HONOLULU, Hawaii (HawaiiNewsNow) - The state Department of Education has released new details on what the upcoming school year will look like at individual campuses, but some concerns are being raised.
Principals at Hawaii’s 283 public schools are able to decide which instructional model works for their campuses: Face-to-face learning every day, a blended rotation, or a combination of the two.
Dozens of schools have already announced their decision and many are opting for the blended model. Blended means students will be assigned to groups and take turns learning in person and remotely.
Radford High School will be using what’s known as an A&B Rotation model. Half of the 1,200-member student body will be on campus, while the other half works remotely.
“I think we tried to get the kids maximum time on the campus, letting them at least by live on campus twice a week, and also that blended version where they’re home doing work online,” said Radford principal James Sunday.
Offices and high contact areas, like the front office and the library, already have plexiglass barriers installed. Classrooms are still waiting to be configured with distancing in mind.
“So basically we’re going to try and set up with the three feet guidelines right now. We have some classes that are possibly going to do six feet,” said Sunday. Just trying to see that with half of our kids on campus, what will fit best for us. "
Each campus is required to have 180 days of instruction and must adhere to specific safety guidelines around mask wearing, social distancing and sanitation.
A priority for face-to-face learning will be given to kindergarten through grade 2 and “vulnerable” students. Manoa Elementary School will have its 563 students on campus, in class, full-time.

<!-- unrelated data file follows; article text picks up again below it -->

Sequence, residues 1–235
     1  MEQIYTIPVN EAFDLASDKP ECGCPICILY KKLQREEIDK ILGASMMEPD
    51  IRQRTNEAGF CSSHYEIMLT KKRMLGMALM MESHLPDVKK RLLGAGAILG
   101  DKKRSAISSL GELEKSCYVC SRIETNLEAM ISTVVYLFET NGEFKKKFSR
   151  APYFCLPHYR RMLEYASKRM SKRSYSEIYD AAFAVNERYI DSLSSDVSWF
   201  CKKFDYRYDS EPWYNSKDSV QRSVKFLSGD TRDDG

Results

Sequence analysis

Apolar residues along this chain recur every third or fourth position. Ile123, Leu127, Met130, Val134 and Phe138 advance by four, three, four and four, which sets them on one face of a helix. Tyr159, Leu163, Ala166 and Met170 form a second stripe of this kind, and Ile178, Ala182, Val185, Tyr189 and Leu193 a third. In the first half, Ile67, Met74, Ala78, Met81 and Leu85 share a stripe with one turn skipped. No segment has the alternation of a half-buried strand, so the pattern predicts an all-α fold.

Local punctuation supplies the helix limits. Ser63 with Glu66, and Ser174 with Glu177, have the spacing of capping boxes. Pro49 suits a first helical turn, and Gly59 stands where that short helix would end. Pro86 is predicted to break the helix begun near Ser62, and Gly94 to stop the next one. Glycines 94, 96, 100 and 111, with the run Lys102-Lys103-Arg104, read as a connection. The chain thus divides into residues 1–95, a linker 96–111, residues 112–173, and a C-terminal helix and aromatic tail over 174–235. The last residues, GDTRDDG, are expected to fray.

“Every student comes to school with a mask, and then in terms of what that’s going to look like in the classroom or outdoors in recess, we’re building our guidelines for that right now,” said Manoa Elementary principal Ryan Kusuda.
There are lingering concerns about whether the safety measures the DOE is taking are enough.
The teachers union, for example, has questioned the Education Department’s social distancing guidelines, which call students to be 6 feet apart when facing each other but 3 when faced in the same direction. That concern led the board of education to defer action Thursday on an agreement with the Hawaii State Teachers Association to reopen schools.
“While today’s deferral doesn’t stop the memorandum of understanding which is already in effect, board members gave clear direction that they would like the DOE to continue to work with HSTA to clarify language,” said HSTA President Corey Rosenlee. “HSTA is still committed to protect the health and safety of our keiki and educators by maintaining six feet of social distancing and ensuring face coverings as both parties agreed to in our MOU on June 27.”
The head of the state public workers union, which represents other DOE employees, also voiced his reservations to the board.
“You cannot ignore that it takes all employees, the office staff, security attendants, EA’s (educational assistants), cafeteria workers, custodians and diagnostic teams, and of course the administrators, to reopen,” said HGEA Executive Director Randy Perreira.
Hawaii school campuses closed in March because of the COVID-19 pandemic and remained shuttered through the remainder of the school year, with students technically returning with remote learning.
But participation in those remote learning opportunities, which weren’t graded, was low.
A survey of public school teachers found that most of their students didn’t regularly participate in distance learning. Regular participation among secondary school students was in the single digits in some areas.
Public schools will reopen on Aug. 4.